Obviously this was the first match in which Spurs played 3-5-2 in some time and it is likely that the defending will get better over time. But on the first showing, the 3-5-2 totally overran Fulham in the early going thanks to the runs of Dele and Lucas and the passing of Trippier and Alderweireld. But once Fulham adjusted, Spurs were bereft of ideas and the Cottager counters began to click.
What happened when Spurs moved to the diamond?
This was interesting. So in one sense the advanced stats say everything you need to know. From the 65 minute mark to the 75 minute mark, Spurs had Dembele playing alongside Dier and Dele in midfield behind Eriksen, Lucas, and Kane. During that stretch of play, Spurs beat Fulham .67 to .35 on xG.
At the 75 minute mark, Spurs introduced Erik Lamela as a sub for Dier. At that point they moved to this shape:
Trippier, Alderweireld, Vertonghen, Davies
Eriksen, Dembele, Dier
Lamela brought energy and power into the game, bolstering Tottenham’s high press—which meant Dier’s deeper midfield work was not as necessary. It also provided a new way for Spurs to break up the Fulham defense: direct running with the ball, as on the final goal of the game when Lamela carried the ball for nearly half the length of the pitch. During this stretch, Spurs outscored Fulham .99 to 0.
So if we break things down by phase of play, this is what it looks like:
0-30 minutes, 3-5-2: .69-.18
30-65 minutes, 3-5-2, Fulham low block: .47-.91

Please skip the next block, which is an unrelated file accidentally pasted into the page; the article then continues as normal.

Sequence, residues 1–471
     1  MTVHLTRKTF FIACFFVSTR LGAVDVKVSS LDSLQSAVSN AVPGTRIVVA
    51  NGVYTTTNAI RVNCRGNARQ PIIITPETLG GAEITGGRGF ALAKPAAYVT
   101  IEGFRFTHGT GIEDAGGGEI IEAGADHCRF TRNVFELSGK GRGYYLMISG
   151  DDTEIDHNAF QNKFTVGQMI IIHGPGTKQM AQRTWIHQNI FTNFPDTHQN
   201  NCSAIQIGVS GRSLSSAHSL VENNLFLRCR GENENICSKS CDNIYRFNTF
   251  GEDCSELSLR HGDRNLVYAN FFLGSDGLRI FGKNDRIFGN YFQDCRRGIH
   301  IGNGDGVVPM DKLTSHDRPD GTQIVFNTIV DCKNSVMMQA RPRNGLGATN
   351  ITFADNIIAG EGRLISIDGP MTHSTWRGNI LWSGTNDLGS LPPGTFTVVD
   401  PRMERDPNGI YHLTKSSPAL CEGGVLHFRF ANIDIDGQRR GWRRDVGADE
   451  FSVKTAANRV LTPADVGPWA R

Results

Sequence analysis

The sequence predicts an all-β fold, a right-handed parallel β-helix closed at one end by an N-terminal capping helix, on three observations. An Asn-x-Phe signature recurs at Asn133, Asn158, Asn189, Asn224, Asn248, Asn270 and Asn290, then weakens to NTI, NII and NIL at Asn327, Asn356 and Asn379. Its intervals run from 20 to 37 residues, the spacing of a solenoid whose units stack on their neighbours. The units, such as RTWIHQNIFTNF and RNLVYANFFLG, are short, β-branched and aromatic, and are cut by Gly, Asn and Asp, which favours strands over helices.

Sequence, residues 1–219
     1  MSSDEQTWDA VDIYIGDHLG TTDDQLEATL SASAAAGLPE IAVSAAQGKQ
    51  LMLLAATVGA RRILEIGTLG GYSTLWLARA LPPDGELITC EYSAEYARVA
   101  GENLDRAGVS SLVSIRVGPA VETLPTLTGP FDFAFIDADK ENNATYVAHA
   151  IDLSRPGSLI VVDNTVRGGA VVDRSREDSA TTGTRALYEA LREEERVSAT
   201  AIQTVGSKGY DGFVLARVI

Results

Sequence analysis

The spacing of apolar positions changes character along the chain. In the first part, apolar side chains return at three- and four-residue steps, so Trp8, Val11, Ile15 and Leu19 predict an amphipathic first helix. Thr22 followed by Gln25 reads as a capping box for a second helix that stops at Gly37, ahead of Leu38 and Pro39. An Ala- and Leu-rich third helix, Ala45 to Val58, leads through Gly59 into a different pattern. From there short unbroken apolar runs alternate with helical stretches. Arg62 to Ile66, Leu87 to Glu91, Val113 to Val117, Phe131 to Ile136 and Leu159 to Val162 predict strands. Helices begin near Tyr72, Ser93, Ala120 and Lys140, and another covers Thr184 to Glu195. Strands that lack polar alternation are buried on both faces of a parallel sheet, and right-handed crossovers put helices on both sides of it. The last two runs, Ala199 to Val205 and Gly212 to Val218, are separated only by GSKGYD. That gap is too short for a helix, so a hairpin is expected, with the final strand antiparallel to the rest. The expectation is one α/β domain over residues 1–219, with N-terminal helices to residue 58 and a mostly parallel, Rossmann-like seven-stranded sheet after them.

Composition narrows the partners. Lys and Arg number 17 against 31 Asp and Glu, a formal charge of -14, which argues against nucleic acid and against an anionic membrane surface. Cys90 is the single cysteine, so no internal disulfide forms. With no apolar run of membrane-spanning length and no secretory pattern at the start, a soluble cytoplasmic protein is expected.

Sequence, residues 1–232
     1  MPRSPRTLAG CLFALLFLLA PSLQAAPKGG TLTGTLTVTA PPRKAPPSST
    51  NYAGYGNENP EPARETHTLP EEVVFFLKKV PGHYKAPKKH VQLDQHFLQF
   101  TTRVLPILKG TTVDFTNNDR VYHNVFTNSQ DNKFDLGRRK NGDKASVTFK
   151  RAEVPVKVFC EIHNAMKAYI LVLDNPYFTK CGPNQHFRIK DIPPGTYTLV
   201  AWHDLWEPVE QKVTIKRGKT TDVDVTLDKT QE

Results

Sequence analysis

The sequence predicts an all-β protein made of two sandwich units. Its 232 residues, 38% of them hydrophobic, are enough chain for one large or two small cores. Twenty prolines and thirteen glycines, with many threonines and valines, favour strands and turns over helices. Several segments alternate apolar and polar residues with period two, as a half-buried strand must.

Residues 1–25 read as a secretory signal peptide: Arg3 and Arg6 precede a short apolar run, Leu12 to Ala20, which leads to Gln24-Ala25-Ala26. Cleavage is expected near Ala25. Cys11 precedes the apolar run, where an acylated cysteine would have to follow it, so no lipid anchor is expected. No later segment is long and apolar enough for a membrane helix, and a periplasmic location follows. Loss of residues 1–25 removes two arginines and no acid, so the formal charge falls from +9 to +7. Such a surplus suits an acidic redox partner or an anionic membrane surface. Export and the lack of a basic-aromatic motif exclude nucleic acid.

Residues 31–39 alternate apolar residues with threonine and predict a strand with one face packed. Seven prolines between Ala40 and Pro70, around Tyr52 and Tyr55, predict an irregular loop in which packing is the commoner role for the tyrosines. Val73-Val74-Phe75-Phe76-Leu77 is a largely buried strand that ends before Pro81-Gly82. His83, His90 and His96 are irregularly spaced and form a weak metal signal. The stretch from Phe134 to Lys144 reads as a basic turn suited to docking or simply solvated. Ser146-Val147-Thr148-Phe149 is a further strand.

65-90 minutes, diamond with Dembele and Lamela: 1.66-.35
To be sure, part of that sharp discrepancy in the final 25 minutes is a function of Spurs scoring a go-ahead goal and Fulham needing to become more aggressive in search of a winner. But the high press also played a major role—the free kick that Trippier scored was won off a sequence that began with Lucas winning the ball in an advanced position.
Where do Spurs go from here?
This seems like it is only good news if you are a Spurs fan. The team has cromulent depth in the fullback roles, four center backs able to play in a back two or back three, with Wanyama back in training they now have three midfielders capable of sitting at the base of midfield, they have a ton of flexibility in the attack with Lamela healthy and Lucas now up and running, and they seem comfortable playing in both systems.
Typically Pochettino teams have settled into a single system as a season progresses. That said, last year we saw more adaptability with Spurs. It is possible that we’ll continue to see that this season, with the team sometimes playing a 3-5-2 and sometimes playing a diamond based on circumstance. If so, that is precisely the sort of flexibility you’d want to see from a team with serious aspirations to win silverware. Today’s date with Man United will tell us a bit more, but so far things are looking good for Spurs on the pitch, despite their underwhelming summer window and the ongoing nightmares associated with the stadium.